A vital new conservation project called the Horstmann Trust has been launched in the unlikely location of South Wales to help preserve some of the world's most endangered species of vultures, many of which are found in Europe, Africa and Asia.
The charity's CEO Adam Bloch is a passionate conservationist, who is clearly concerned not just about the plight of vultures, but the ever-increasing number of animals joining the endangered species list across the globe, as their habitat is destroyed by man and the effects of climate change become ever more evident.
Trencher Hire UK has played a small but important role in the installation of welded steel fences within the site. Trencher Hire UK supplied a Vermeer RTX-250 on a week-long contract, but Adam said the machine was so efficient and easy to operate that the work was completed in just three days.
He commented: "We dug slots to a depth of 900mm to make sure that animals couldn't dig under the welded steel fencing we were installing. The trencher made short work of this and backfilling was quick and easy. If we had tried to do the work with a digger, it would have created a whole lot of mess and incurred a lot of time making good afterwards.
"Trencher Hire were really helpful and I couldn't fault the service. They turned-up at the allotted time, explained how to use the machine and the unit itself was excellent."
The work of the Horstmann Trust is to develop an ongoing breeding programme with the primary focus on hooded, Egyptian and bearded vultures, as well as the Andean Condor. Adam commented: "There are 23 species of vultures around the world, with the majority facing rapidly falling populations and some facing extinction. We are creating a strong, genetically diverse captive population with some of our birds going on to be released back into the wild, whilst others will be given to other conservation organisations working together in these breeding programmes.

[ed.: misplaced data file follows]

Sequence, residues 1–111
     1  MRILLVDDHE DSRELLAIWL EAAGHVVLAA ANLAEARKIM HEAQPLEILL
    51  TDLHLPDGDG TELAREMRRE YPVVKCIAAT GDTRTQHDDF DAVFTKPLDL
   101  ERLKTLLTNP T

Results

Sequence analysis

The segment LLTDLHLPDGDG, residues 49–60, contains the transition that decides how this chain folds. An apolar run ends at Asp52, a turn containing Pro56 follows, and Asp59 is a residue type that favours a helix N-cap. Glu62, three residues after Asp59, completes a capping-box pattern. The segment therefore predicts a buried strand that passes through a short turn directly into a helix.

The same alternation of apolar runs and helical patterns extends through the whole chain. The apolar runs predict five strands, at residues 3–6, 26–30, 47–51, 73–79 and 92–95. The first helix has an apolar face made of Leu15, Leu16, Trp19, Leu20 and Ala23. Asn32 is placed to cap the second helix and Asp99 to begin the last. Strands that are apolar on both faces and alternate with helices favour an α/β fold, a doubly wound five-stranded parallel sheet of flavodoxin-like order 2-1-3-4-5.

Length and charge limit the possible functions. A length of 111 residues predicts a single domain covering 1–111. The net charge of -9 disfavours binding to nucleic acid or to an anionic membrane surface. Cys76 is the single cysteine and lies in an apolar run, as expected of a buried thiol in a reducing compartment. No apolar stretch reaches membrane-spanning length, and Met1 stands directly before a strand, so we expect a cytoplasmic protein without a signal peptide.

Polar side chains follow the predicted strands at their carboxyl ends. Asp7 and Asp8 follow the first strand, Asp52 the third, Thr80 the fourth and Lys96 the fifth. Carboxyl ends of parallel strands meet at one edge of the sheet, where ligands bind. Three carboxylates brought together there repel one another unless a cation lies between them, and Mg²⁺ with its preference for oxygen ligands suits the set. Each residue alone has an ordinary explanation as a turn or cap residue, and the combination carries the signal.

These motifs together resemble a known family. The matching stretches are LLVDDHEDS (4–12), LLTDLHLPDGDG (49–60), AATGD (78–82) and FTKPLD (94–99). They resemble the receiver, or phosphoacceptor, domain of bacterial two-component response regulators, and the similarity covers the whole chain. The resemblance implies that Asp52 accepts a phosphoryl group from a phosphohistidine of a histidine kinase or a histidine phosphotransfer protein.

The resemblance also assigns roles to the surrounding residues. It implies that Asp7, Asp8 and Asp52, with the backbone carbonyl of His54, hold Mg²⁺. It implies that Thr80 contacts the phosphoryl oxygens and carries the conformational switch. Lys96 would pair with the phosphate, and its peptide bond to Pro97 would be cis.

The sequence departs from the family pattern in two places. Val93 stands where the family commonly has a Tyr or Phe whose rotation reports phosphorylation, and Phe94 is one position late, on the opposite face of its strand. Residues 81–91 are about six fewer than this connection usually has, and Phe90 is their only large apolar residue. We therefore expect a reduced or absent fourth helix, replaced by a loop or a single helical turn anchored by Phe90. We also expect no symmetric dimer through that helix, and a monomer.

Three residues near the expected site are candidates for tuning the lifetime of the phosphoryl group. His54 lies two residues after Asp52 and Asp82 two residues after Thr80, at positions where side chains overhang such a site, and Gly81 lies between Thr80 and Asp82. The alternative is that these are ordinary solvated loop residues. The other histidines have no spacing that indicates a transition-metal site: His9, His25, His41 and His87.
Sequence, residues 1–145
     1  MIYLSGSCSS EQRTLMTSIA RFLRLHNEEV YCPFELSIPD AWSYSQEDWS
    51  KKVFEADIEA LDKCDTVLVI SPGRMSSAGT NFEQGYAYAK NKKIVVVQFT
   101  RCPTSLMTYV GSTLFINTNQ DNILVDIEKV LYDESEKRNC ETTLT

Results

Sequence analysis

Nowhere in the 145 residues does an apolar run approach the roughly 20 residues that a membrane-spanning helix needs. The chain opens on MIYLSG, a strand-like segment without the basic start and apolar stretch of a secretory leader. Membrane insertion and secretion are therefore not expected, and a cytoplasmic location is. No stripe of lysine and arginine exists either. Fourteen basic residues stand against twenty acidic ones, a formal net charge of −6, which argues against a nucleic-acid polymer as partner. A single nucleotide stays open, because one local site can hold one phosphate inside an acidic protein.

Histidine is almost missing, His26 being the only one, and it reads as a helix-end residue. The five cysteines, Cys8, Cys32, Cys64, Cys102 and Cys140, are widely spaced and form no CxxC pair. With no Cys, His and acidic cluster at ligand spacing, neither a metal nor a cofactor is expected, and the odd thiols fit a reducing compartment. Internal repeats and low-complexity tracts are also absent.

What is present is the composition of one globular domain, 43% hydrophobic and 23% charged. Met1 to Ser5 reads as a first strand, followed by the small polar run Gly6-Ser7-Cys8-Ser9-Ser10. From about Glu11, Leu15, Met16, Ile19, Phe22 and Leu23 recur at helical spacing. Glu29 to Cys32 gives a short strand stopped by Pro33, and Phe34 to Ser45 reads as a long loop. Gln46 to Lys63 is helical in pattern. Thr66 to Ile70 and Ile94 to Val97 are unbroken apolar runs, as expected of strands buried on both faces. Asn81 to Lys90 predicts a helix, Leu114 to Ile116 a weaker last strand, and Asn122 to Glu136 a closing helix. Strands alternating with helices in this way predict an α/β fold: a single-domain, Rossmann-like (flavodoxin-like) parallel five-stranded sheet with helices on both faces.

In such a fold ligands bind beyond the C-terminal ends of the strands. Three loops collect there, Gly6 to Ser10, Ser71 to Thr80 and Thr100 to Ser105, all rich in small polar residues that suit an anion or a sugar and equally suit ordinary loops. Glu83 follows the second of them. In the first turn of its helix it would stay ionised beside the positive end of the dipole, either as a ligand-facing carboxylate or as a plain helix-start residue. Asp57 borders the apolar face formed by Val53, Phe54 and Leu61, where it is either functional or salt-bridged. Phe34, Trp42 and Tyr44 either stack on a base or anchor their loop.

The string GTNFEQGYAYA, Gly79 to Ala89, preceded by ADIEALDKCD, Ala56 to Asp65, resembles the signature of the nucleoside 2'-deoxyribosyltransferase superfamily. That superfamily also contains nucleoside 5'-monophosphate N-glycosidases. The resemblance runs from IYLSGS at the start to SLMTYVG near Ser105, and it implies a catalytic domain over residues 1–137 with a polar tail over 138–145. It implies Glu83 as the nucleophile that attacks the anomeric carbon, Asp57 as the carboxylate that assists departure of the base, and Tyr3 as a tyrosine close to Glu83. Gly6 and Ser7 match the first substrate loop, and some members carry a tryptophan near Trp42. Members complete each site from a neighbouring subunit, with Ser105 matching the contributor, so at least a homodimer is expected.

"We have to look to the future and our programme has to be a very long-term one. Many of the vulture species lay just a single egg each breeding season, so producing young can be slow. Condors can live up to 80 years in captivity and don't reach sexual maturity until they are at least 6-8 years old but, in some cases, can be much longer!"
He is supported in his work by Holly Cale, who is Curator and Head of Research, along with a small number of staff and volunteers.
If you would like to make a donation to support the work of the Horstmann Trust you can contact Adam via email: email@example.com.
To find out how Trencher Hire UK call help, contact us on: 0121 751 9319, or email: firstname.lastname@example.org or visit our website: www.trencherhire.com